After being diagnosed with Type-1 Diabetes at age 11 and struggling with health-related issues throughout the years, Kimberly Ross found great relief in acupuncture after receiving treatment from Gabriel Sher, now ORA’s Director of Acupuncture. The concept of ORA was conceived during Kimberly’s time at Harvard Business School, in an attempt to make acupuncture more approachable to others experiencing health issues.
Located in the East Village, the first ORA combines the traditional techniques of ancient Chinese medicine with a modern, convenient experience at an accessible price-point. Rockwell Group was inspired by ORA’s desire to create a holistic wellness experience that is as effective and efficient as it is luxurious. Blending sleek lighting, curved walls, raw materials, a signature blue and white palette mixed with walnut and brass and copper metal accents, and touch points from Chinese design and tea culture, we created a welcoming and expansive-feeling oasis in an intimate, L-shaped space with soaring ceilings.
Guests are greeted at ORA in an open lounge that doubles as a tearoom. A marble reception counter also serves teas and tonics that complement the acupuncture and cupping treatments. A custom, dip-dyed blue and white rope installation with an undulating form hangs above the counter and is a striking presence from the street.
A grid of white and walnut open, apothecary-style shelving behind the counter displays products and teas, and contrast with the existing brick wall opposite. The lounge features custom leather seating with Chinese joinery-inspired details. Los Angeles-based potter Peter Sheldon created a ceramic art piece for the end of the treatment hallway and ceramic tabletops in the lounge.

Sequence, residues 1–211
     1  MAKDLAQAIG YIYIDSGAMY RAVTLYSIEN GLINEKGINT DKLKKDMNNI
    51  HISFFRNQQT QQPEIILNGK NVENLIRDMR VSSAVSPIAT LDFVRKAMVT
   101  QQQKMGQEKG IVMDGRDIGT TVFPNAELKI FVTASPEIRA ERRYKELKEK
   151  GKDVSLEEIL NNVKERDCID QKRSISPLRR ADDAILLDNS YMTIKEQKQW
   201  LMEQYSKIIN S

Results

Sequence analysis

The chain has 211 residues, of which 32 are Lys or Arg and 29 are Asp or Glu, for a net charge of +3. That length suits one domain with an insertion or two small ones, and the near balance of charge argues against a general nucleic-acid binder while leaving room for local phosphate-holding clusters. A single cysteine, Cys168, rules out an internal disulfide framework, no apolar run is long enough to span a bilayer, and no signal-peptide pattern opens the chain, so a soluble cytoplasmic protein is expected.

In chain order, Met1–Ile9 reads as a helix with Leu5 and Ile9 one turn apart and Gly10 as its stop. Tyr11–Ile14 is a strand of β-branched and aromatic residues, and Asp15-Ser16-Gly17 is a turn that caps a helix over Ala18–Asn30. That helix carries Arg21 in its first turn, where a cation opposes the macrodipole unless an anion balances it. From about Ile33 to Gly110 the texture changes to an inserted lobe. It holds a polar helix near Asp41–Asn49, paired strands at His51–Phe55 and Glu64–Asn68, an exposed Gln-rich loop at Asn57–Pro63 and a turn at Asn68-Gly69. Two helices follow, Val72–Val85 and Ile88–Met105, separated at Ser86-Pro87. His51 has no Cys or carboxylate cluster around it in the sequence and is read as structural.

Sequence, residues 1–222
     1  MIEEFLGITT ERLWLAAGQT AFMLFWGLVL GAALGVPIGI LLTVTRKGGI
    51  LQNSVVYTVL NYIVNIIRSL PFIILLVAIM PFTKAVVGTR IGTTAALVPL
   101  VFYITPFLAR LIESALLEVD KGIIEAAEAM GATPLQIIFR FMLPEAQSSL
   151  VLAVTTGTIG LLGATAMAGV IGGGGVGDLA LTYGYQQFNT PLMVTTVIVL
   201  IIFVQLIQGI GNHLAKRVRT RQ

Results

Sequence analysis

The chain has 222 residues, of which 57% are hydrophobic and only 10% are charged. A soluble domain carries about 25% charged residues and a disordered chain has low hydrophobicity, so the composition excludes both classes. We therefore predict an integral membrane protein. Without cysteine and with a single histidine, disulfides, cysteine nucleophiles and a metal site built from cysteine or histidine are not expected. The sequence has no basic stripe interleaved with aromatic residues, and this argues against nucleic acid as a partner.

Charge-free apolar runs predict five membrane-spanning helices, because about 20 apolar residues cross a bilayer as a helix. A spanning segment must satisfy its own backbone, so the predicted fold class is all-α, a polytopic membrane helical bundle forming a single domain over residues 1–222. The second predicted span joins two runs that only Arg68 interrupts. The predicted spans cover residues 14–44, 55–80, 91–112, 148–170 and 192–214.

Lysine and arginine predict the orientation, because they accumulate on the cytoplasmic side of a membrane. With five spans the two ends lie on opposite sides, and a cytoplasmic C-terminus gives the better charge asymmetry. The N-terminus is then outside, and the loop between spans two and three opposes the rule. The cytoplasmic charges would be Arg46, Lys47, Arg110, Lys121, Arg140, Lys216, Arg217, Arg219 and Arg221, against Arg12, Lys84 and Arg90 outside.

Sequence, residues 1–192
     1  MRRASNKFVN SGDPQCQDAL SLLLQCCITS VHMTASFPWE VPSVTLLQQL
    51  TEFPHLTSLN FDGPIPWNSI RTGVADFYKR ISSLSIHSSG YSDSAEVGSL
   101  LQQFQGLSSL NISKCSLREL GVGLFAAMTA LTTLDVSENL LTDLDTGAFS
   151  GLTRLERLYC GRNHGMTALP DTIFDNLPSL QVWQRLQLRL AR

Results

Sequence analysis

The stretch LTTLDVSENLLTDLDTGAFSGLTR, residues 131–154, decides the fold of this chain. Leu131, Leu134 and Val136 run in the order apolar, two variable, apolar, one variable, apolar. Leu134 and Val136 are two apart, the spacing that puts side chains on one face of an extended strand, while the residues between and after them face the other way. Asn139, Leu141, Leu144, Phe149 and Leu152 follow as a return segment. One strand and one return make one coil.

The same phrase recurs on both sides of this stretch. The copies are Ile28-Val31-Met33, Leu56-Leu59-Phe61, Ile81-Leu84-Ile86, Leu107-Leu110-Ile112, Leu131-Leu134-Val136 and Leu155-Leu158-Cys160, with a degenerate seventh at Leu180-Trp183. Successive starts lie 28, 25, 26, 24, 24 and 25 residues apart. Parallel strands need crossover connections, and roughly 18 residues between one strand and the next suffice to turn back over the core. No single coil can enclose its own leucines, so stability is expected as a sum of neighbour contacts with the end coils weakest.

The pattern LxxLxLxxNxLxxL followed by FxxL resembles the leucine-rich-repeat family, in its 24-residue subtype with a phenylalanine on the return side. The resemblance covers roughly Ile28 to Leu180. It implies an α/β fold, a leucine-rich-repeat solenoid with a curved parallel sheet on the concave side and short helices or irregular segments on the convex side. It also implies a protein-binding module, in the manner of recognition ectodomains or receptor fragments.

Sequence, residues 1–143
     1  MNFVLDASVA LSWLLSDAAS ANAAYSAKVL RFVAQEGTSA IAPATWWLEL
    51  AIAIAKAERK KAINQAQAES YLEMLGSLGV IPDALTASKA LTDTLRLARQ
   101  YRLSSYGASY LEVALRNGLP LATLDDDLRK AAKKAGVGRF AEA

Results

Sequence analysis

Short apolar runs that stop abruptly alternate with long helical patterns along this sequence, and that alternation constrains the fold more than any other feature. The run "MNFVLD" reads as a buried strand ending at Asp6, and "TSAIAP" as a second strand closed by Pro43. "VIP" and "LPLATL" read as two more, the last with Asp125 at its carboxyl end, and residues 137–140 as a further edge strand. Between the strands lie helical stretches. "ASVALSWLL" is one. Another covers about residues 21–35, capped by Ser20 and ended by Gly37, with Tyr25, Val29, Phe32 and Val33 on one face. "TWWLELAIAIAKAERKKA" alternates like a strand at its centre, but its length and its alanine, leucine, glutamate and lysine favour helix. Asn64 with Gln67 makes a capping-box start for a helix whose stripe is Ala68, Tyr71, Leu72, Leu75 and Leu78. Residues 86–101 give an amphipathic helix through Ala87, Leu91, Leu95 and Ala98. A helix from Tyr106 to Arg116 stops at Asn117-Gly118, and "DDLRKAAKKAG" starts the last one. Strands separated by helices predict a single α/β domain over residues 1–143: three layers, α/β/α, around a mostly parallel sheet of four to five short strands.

The wood floor is stained a deep indigo. Swing-arm sconces by Brendan Ravenhill feature aluminum shades that reflect the grain pattern of their wood molds, for an organic and modern look.
The seven treatment rooms are angled next to each other with curved, crimped exterior walls that create the illusion of privacy as guests enter and the feeling of expansion as the exit.
A “Misty” runner by David Rockwell for The Rug Company guides guests to their room, using bamboo silk to depict a deep, rich indigo blue ombré motif that fades to white at its edges.
Treatment rooms contain guest niches with custom wood storage cabinets, a metal hanging frame system with a round mirror, lights, clothing hooks, and phone charging station.
A prep stand holds a brass pole and portable modern lanterns that cue different treatment rituals, depending on their placement and illumination. Fiberglass pendants have a rice paper appearance.Rockwell Group’s graphics team designed the floral pattern used in ORA’s branding, creating a custom print using medicinal flowers in a Chinoiserie-inspired pattern.
The pattern is also stenciled on the mirrors in the treatment rooms..